But U.S. District Court Judge Carl Nichols ruled on Wednesday that Bannon will be precluded from making that case in front of a jury. He said that the “advice of counsel” defense is not applicable in contempt of Congress cases, citing a 1961 ruling by the U.S. Court of Appeals that he says is still binding on lower courts like his.
Costello’s advice to Bannon was based on the longstanding Department of Justice opinions issued by the department’s Office of Legal Counsel, which has repeatedly determined that advisers to the president are immune from congressional subpoenas on matters related to government business. OLC has also determined that when a witness testifies on matters that might implicate executive privilege, the president is entitled to have a representative present to assert the privilege when necessary.
The Justice Department has said the OLC advice has no bearing on its assessment of whether Bannon violated the contempt statute, which simply required that he appear in response to a congressional subpoena.
Bannon’s lawyers said the ruling would prevent them from making a key point within their argument but wasn’t a fatal setback to their defense. Rather, they signaled that they would simply point to the OLC opinions as proof that the subpoena itself was invalid and that the entire prosecution is flawed.
“We believe the prosecution is constitutionally barred and that in any event, the OLC opinions and reliance on them provides a complete defense,” said Bannon’s attorney David Schoen, who said the team would formally lodge those arguments in an April 15 motion to dismiss the case.
Schoen said Nichols’ decision could reorder the interpretation of the contempt of Congress statute itself, raising “fascinating constitutional arguments as to why this statute is unconstitutional as applied.”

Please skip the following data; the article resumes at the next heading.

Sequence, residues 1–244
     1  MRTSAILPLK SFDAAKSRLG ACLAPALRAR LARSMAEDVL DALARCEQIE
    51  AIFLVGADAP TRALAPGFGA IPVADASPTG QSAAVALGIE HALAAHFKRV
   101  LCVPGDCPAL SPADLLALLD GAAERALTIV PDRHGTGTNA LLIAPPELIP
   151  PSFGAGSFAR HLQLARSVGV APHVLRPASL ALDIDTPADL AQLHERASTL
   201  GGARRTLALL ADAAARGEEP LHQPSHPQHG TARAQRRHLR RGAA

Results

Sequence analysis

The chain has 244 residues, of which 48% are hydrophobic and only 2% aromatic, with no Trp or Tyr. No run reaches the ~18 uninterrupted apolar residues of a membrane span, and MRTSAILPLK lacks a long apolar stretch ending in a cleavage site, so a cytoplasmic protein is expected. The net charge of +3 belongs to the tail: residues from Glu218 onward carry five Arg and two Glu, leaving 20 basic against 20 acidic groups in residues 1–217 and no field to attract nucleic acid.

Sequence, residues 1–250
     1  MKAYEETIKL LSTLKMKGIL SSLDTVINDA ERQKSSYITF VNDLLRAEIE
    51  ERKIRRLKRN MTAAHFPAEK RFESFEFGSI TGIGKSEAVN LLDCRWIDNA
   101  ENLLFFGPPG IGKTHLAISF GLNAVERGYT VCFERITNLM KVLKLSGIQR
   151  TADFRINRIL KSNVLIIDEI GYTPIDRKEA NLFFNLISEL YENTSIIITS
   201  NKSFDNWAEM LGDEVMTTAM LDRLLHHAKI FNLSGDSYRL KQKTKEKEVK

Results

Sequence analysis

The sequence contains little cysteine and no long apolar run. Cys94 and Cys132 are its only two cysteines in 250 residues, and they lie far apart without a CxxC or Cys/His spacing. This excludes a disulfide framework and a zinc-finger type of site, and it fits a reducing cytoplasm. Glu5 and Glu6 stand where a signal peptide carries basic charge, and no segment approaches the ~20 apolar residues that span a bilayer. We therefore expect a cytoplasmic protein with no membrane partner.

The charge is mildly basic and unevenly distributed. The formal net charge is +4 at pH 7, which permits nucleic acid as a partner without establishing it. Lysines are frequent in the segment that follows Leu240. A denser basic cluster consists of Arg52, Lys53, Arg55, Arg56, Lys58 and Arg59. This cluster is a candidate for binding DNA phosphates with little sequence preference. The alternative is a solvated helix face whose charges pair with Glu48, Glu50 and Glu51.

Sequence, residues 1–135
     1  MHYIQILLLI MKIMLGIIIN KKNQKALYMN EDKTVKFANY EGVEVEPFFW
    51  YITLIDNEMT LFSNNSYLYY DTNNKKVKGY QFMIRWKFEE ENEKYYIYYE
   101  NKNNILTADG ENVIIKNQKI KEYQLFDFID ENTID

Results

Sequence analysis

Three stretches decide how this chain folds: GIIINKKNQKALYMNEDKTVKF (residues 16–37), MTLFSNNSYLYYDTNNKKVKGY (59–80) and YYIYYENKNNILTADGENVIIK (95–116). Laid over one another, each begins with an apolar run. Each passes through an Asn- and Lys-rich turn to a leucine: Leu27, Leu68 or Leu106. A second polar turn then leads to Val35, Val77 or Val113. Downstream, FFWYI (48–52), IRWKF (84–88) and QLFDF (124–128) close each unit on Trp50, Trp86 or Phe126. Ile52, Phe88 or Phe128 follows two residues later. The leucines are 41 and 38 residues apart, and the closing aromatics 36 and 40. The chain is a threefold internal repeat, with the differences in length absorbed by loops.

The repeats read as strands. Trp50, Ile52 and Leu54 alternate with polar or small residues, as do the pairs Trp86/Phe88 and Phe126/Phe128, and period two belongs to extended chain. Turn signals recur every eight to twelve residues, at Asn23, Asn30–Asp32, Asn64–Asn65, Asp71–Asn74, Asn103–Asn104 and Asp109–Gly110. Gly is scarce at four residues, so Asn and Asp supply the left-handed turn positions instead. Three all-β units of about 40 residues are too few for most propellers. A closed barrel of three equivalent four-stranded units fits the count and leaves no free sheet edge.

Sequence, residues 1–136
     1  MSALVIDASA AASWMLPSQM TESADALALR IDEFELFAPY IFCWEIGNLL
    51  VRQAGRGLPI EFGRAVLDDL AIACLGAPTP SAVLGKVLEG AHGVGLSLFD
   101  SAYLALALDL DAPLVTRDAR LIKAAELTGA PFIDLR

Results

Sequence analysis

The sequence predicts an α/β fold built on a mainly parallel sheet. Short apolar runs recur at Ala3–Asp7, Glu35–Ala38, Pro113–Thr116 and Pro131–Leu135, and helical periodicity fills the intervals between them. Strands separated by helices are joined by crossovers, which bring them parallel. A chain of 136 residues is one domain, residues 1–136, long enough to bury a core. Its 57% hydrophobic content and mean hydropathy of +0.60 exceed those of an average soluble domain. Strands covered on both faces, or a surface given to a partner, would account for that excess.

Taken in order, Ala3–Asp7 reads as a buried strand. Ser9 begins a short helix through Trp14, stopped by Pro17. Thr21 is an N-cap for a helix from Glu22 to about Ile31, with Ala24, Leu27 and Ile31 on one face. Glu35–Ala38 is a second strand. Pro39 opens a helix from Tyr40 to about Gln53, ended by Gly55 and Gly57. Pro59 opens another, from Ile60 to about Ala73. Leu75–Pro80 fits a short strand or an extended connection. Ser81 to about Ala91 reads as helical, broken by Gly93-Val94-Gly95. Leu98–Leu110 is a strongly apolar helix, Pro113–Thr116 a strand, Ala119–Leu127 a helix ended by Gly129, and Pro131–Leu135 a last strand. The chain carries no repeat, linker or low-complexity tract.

“We fully respect Judge Nichols and his decision,” Schoen said, adding that “we believe the judge applied the law as he believed he was bound to do.”
Bannon has contended that the prosecution against him is politically motivated and has vowed to turn the charge against him into the “misdemeanor from hell” for Democrats and the Biden administration.
Nichols, a Trump appointee, previously ordered the Justice Department to provide internal documents to Bannon about its charging decision. The department indicated it has provided 218 pages of materials to Bannon in response to Nichols’ order, nearly all of which were already in the public domain.
Nichols has a long history with OLC decisions, having argued in court as a Justice Department attorney in the Bush administration in support of a limitation on Congress’ ability to compel testimony from current and former top White House officials.